Plating Methods

Plating is a centuries-old procedure that involves joining a metal coating to a conductive surface. There are a few types of plating methods. Many people connect plating with jewellery. Adding gold or silver plating to an object to make it look more valuable and appealing is a very popular use for plating. However, there are a slew of additional applications, including corrosion prevention, radiation shielding, and paint adhesion, to name a few. There are a few different sorts of plating methods that might be beneficial.

In other terms, plating is the process of applying a different metal to the surface of a substance or object. Inhibiting corrosion, modifying conductivity, improving wear, increasing solderability, lowering friction, increasing heat resistance, and hardening the material are all advantages of plating. Plating may alter the material’s properties and performance, limiting its usage in precision machining. We’ll look at the many forms of plating methods and how they affect the material, as well as how these procedures affect precise machining.

1. Electroplating 

One of the most frequent plating methods is electroplating. Electroplating is a method of dissolving positively charged metal particles (ions) in a chemical solution using an electrical current. The positively charged metal ions are drawn to the negatively charged side of the circuit, which is the material to be plated. The plated item or product is subsequently immersed in the solution, and the dissolved metal particles are attracted to the material’s surface. Electroplating coats the plated substance in a smooth, even, and quick manner, essentially altering the surface of the material. Cleaning, striking, electrochemical deposition, pulse electroplating, and brush electroplating are some of the various plating methods and procedures involved in electroplating.

Electroplating is used to cover a material with a protective coating, give it a decorative look, or modify its characteristics for engineering purposes. Electroplating increases the workpiece’s chemical, physical, and mechanical qualities, affecting how it performs when machined. Plating the workpiece may be used to boost solderability, conductivity, and reflectivity, as well as to build it up from a smaller size.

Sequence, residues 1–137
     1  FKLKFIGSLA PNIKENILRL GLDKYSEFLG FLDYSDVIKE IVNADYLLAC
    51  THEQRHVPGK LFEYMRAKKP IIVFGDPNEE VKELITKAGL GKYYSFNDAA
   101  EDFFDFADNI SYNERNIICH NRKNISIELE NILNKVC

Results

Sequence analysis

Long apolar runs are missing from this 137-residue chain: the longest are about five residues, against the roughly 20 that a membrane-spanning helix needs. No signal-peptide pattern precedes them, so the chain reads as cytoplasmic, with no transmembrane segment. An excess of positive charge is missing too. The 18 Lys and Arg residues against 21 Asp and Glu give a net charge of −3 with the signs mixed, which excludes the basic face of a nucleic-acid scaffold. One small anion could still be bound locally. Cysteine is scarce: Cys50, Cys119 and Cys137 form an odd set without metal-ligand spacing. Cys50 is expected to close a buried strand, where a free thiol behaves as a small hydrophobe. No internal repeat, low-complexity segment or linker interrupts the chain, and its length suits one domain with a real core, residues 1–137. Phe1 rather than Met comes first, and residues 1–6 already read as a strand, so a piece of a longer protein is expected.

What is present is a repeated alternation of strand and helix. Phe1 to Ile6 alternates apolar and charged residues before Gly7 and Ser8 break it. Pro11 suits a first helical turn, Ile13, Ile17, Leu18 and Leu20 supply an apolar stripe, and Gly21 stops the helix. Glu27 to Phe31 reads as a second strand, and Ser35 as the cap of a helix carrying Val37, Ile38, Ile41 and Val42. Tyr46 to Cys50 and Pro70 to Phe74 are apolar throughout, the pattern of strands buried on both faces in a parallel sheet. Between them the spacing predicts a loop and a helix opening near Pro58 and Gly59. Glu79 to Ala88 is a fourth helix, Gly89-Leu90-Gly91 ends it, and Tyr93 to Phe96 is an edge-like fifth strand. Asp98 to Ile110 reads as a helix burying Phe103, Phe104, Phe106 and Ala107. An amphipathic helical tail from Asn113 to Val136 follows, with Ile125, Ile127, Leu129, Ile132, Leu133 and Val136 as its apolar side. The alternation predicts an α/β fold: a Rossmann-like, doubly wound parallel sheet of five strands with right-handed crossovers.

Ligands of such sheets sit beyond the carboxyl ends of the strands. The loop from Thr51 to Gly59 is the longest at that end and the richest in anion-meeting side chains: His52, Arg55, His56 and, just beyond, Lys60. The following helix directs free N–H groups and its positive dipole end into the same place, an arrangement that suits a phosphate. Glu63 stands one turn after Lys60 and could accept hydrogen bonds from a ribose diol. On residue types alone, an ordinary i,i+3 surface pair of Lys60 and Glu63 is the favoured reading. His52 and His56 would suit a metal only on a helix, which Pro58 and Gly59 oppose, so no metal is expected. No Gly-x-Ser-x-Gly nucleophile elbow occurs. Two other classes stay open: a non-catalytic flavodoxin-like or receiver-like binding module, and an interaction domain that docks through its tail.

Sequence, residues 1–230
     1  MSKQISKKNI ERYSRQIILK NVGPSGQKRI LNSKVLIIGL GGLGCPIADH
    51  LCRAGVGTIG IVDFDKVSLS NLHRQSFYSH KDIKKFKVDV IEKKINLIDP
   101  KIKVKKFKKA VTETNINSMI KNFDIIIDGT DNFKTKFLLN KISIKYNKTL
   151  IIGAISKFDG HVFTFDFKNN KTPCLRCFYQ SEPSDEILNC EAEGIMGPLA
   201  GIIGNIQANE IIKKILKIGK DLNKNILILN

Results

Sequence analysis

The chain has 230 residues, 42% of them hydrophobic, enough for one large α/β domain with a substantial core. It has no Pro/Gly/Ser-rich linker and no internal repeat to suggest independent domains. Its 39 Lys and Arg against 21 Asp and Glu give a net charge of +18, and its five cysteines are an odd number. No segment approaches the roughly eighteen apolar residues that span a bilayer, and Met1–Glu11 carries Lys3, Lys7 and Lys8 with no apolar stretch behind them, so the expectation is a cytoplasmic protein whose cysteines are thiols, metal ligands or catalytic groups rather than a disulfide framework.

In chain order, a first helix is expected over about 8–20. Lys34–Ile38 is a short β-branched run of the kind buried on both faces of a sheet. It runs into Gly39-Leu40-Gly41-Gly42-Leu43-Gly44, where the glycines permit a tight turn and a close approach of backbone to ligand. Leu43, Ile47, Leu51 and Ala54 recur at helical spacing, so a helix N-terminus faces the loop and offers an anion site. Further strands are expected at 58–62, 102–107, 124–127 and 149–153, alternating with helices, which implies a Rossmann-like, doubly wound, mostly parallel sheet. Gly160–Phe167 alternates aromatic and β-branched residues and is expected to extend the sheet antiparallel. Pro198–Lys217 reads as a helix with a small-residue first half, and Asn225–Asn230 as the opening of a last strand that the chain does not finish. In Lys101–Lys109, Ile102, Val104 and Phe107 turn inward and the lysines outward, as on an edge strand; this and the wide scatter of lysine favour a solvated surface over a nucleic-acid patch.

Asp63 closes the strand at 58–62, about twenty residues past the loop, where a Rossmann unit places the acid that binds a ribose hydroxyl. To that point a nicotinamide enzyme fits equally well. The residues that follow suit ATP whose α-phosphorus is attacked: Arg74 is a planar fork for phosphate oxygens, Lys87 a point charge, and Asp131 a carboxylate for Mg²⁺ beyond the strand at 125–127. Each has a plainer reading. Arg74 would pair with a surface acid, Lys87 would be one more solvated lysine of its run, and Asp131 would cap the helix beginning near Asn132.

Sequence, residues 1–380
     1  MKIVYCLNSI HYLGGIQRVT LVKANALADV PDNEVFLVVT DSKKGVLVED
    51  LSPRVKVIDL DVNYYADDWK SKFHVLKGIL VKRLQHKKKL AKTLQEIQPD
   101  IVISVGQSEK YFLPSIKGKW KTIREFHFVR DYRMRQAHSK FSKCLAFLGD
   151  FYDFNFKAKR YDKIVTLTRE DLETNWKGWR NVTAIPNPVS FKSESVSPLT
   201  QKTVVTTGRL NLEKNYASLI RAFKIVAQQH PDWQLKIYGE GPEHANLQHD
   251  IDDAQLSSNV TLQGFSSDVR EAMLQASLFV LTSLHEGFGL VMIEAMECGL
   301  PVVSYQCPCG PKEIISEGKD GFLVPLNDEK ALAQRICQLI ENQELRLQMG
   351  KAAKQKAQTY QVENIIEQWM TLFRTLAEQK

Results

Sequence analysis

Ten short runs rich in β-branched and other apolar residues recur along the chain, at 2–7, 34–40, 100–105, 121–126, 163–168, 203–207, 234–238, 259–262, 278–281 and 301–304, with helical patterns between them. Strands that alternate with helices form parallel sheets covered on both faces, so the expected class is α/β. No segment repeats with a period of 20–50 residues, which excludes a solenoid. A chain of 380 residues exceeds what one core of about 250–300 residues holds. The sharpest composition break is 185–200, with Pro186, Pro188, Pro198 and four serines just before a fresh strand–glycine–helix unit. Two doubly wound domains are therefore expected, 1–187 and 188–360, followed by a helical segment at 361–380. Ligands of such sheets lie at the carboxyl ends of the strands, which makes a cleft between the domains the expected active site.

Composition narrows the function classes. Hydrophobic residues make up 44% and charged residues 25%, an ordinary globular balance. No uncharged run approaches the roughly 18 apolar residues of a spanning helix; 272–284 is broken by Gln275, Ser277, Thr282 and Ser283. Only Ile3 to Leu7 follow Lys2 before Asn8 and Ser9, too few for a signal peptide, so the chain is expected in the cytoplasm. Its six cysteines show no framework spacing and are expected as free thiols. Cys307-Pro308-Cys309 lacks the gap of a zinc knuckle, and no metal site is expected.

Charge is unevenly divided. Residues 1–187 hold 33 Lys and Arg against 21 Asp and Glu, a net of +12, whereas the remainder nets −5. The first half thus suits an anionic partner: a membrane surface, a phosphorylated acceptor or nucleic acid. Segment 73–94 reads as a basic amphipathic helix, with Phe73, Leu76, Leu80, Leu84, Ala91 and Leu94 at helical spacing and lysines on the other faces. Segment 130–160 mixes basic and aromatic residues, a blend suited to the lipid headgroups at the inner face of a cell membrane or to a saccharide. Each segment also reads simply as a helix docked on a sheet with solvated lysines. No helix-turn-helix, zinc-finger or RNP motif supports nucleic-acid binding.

2. Electroless Plating 

Electroless plating gets its name from the fact that it is one of the various plating methods that does not need the use of external electric power. A chemical process causes metal atom reduction in electroless plating. In other words, when metal ions (particles) are combined with a reducing agent and come into touch with the catalytic metal, they are transformed into a metal solid (which triggers the reaction). This results in a solid layer of plating metal being applied to the metal.

Electroless or autocatalytic plating may be used on a wide range of materials and does not need external power or plating baths, lowering expenses. Electroless plating is slower, unable to produce thick plates, and more difficult to regulate than electroplating. Electroless nickel plating is the most prevalent autocatalytic plating process. These plating methods, however, may also be used to apply silver, gold, and copper plating.

Protecting the base metal from corrosion, expanding the size of the workpiece, and changing solderability, reflectivity, and conductivity are all effects of electroless plating on the finished result.

3. Immersion Plating

Immersion plating is the process of immersing one metal in a solution containing metal ions from a nobler metal, one of the other plating methods. Because the ions from the nobler metal are more stable, there is a natural ‘pull’ to displace the less noble metal’s surface metal ions with a thin coating of the nobler metal’s ions. Immersion plating is a more time-consuming method that can only be used to coat less noble metals with nobler metals. Metals that are chemically inert are known as noble metals. Gold, platinum, and silver, for example.

Immersion plating leaves just a thin layer of plating on the surface, after which the plating process comes to a halt. Immersion plating also seems to have a worse adhesion quality, with the plating not adhering as well to the base metal. Improved corrosion resistance, altered electrical conductivity, altered appearance, increased hardness, torque tolerance, and modified bonding capabilities are all benefits of immersion plating.

Smart Microns, a pioneer in the electroplating industry, was founded in 1998 and specialises in precious metal platings, such as silver and gold, for the electrical and electronics sectors. Smart Microns began studying and creating microns over 22 years ago. Smart Creations, Smart Microns’ parent company, was South India’s first electroplating and electrophoretic lacquer maker (ED lacquers). With Smart Microns’ precise Micron electroplating services, over 7 metals are offered in a range of textures.